Image of the glider from the Game of Life by John Conway
Skip to content

The Drunken Bishop For OpenPGP Keys

Almost a year ago, I blogged about the drunken bishop algorithm for OpenSSH key random art. Towards the end of the post, I mentioned that I would be building an OpenPGP implementation. I started doing so in Python, but eventually got sidetracked with other things. Well, I hosted the Scale 12x PGP keysigning party, and after the fact wished that I had finished the OpenPGP drunken bishop implementation. Well, I'll be hosting another PGP keysigning party at OpenWest 2014 next month, and couldn't risk missing another keysigning party where I could introduce the drunken bishop to attendees there.

The OpenPGP implementation follows ALMOST the exact algorithm. The only differences are this:

  1. OpenSSH key fingerprints are MD5 checksums while OpenPGP key fingerprints are SHA1 checksums. As such, a larger board is introduced.
  2. The algorithm for OpenSSH key fingerprints reads the fingerprint in little endian. I felt that this unnecessarily complicates the codebase, so I read the fingerprint in big endian. Turns out, this wasn't that big of a deal code-wise, and the reason for the little-endian reading is to "mix" the key, preventing fingerprints that start the same, from looking the same.
  3. For the ASCII art output, the PDF paper mentions that as the bishop visits a square more often, the ASCII character should increase in weight gradually. Unfortunately, it appears this wasn't strictly observed. I've changed the characters that are shown in the art to more accurately reflect the frequency of visits to each square. The starting 'S' and the ending 'E' remain the same.
  4. I added an extra label at the bottom of the random art to depict the 8-bit OpenPGP key ID for that art.

Because it's written in Python, it is slower than its C counterpart for OpenSSH. If I were motivated enough to care, I'd write it in C. But, it's plenty fast for what it's doing, and I'm sure there are performance optimizations I can make to speed things up in the Python script.

I took 9 random keys from my GnuPG public keyring, and am showing them here, as a screenshot, rather than the horrible rendering that is web browsers:

Terminal screenshot showing 9 OpenPGP random art images

As with OpenSSH, these random art images for each public key exists to make verifying OpenPGP keys a bit easier. No doubt that there exist collisions, where more than one key produce the same artwork. When in doubt, verify the hex fingerprint. However, this may be a good alternate method for speeding up keysigning parties, by having each individual verify their key individually, then only speaking up if they feel their key is in error. This way, parties can go straight to identification checking, this eliminating 1/2 to 2/3 of the party. During identification checking, each individual could verify the key random art, fingerprint, etc. while checking photo identification.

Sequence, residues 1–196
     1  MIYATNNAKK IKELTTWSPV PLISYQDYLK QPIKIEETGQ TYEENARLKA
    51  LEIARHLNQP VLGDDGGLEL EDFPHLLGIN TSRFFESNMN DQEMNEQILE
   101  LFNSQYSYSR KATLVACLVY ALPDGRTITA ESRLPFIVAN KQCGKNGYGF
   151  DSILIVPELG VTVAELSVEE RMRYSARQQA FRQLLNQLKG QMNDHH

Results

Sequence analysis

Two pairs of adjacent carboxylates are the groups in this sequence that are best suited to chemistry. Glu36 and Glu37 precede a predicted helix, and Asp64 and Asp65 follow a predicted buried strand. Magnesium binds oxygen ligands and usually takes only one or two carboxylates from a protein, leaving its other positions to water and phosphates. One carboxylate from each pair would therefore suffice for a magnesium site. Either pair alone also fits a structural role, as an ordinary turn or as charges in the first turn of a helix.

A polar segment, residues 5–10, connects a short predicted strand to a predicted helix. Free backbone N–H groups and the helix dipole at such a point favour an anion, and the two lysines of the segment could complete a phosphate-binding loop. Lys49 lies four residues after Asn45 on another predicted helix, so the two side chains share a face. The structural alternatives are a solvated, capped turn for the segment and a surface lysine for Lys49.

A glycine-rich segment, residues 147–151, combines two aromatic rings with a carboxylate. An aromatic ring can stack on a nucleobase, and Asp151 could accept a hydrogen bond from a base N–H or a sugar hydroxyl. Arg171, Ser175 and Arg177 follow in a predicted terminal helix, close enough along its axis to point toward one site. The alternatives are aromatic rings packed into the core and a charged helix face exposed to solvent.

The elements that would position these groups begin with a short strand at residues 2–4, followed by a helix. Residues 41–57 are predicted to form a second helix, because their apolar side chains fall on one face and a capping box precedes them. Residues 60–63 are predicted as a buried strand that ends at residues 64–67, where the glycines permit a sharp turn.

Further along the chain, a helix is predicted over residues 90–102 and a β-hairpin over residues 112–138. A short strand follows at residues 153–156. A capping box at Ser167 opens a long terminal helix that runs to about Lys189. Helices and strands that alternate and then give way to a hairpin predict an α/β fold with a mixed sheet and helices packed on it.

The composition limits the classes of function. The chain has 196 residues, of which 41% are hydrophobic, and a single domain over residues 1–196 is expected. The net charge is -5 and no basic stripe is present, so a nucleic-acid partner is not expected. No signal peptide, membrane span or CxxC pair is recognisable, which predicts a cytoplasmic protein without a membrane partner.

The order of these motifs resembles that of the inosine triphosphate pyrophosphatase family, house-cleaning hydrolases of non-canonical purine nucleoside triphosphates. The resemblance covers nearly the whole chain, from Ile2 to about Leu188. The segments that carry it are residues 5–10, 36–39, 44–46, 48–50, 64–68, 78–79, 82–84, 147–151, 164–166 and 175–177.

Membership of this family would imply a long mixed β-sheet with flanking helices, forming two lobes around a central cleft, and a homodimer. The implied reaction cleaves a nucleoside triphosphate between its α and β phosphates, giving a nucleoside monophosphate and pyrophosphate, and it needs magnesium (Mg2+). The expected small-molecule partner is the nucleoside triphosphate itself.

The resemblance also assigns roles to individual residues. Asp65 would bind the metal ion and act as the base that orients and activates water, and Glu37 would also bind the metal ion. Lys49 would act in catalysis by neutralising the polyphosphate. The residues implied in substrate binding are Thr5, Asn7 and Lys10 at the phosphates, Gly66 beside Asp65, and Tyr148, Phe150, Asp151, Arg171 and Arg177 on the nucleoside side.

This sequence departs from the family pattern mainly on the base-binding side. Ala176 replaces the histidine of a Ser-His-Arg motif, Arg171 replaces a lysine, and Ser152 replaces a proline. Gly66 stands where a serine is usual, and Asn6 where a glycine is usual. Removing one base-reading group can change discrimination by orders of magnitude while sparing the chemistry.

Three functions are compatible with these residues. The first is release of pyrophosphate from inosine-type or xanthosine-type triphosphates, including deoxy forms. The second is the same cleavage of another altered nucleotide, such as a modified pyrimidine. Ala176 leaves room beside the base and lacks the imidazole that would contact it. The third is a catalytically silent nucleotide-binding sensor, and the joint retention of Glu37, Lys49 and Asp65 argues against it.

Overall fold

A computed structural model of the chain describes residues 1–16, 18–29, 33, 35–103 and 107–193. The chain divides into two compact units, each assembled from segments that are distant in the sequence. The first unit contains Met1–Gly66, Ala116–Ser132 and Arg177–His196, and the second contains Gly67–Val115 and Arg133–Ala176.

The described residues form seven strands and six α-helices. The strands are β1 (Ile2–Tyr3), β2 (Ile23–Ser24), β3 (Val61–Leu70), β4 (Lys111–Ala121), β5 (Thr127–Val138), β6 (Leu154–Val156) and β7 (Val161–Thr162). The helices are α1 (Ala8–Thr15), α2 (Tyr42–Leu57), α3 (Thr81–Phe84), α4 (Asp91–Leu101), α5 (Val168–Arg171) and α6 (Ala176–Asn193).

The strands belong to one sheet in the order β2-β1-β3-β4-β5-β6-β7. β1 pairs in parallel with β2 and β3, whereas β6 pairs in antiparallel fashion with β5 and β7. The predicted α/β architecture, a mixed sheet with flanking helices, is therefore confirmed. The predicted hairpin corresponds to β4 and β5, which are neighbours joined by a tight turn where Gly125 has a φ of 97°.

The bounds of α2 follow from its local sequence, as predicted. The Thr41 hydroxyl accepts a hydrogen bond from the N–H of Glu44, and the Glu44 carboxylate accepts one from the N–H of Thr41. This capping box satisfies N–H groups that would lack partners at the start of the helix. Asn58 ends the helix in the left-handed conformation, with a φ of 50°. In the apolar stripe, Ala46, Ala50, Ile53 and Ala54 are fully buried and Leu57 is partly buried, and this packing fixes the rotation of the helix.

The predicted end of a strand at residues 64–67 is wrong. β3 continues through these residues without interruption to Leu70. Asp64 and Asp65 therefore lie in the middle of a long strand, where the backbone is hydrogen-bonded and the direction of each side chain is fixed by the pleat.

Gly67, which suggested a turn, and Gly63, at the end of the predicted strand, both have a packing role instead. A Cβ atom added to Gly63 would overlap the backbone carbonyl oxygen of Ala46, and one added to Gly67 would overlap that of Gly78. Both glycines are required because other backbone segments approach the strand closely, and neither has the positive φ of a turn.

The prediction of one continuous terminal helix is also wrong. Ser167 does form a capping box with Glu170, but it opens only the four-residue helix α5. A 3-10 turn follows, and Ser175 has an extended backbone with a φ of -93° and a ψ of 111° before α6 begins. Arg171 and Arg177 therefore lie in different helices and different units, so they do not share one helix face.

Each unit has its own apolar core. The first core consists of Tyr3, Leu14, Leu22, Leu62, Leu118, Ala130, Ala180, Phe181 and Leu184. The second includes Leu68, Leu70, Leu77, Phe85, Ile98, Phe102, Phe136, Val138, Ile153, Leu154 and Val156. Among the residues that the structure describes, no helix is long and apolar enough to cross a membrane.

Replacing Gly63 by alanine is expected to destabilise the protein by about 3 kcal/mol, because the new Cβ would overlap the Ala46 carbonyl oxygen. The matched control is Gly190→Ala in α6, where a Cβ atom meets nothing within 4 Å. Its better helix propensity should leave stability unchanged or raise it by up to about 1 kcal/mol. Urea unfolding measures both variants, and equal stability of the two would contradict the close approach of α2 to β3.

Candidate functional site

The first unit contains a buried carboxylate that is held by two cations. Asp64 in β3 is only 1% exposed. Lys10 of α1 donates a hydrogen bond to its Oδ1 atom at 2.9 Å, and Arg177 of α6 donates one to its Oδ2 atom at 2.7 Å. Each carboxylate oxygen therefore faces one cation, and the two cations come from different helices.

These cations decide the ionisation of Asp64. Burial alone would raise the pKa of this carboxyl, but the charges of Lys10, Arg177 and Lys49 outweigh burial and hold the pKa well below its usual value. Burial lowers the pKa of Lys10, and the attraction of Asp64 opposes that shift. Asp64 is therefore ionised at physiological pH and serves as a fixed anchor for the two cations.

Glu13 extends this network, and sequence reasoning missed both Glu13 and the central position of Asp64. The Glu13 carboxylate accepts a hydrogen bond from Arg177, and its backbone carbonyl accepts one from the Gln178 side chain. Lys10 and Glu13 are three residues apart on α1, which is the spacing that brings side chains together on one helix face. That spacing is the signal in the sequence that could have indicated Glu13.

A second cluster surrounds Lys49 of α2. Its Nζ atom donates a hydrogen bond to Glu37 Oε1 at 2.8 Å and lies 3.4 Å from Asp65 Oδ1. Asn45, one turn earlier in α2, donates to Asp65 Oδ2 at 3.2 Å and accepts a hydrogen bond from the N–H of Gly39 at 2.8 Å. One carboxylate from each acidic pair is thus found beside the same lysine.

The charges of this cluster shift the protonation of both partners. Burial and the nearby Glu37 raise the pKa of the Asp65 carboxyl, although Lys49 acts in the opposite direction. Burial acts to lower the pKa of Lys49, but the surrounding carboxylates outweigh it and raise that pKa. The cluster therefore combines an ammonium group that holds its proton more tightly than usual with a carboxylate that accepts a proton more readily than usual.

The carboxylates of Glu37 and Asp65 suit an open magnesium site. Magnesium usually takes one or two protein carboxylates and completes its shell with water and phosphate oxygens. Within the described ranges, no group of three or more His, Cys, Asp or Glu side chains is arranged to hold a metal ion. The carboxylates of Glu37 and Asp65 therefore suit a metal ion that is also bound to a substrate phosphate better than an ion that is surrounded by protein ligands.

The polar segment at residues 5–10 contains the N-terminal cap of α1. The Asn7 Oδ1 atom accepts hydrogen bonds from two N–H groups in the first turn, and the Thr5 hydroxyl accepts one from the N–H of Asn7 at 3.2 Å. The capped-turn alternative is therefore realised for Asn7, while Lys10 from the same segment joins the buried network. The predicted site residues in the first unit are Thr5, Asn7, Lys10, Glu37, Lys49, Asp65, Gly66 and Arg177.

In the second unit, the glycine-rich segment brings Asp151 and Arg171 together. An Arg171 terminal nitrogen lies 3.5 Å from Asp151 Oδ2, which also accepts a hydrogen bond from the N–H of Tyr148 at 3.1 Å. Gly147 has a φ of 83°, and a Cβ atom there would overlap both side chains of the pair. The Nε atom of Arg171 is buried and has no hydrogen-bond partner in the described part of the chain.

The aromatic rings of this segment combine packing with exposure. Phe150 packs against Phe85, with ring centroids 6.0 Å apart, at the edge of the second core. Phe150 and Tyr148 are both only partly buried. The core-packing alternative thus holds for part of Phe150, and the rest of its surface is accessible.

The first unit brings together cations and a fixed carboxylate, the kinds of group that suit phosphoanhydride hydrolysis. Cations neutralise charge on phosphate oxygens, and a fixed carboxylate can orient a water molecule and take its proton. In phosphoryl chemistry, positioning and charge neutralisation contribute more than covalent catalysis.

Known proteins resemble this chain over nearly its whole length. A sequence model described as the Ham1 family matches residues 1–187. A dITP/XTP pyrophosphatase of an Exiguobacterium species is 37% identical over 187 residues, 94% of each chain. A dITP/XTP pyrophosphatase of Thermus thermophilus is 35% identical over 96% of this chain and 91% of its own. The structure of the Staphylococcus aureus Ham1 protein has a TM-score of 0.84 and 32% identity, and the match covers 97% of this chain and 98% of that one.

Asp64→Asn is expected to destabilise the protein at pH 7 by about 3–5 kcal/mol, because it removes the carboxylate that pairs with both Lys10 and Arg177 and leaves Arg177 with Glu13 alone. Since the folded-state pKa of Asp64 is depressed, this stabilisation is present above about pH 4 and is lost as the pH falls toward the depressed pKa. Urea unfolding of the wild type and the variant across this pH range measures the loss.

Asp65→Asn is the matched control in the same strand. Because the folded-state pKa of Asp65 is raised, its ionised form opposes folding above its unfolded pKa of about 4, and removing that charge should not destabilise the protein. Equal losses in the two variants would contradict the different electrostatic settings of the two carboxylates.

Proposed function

A possible handout format for the random art images could look something like this:

+----[DSA 1024]-----+	
|l^  . ^^?^.        |	1) ID: 22EEE0488086060F
|l. . .l:.?         |	UID: Aaron Toponce 
|^ E ...ll          |	Fingerprint: E041 3539 273A 6534
|^. .  ^:.          |	             A3E1 9259 22EE E048
|^ . .  ..          |	Size/Type: 1024/DSA
| . .   . S         |	
|  . .   . .        |	Matches?
|   .     .         |	Fingerprint: ____ ID: ____ Signed: ____
|                   |	
|                   |	
|                   |	

Of course, this is less efficient on paper usage than the traditional table, but it could be improved.

The source code for generating the OpenPGP random art is at It requires an OpenPGP public key file as an argument when executing the script, like so:

$ ./keyart 8086060F.pgp

Hopefully, PGP keysigning party organizers find this useful in streamlining the keysigning process. If not, at least it could be entertaining.

Post a Comment

Your email is never published nor shared.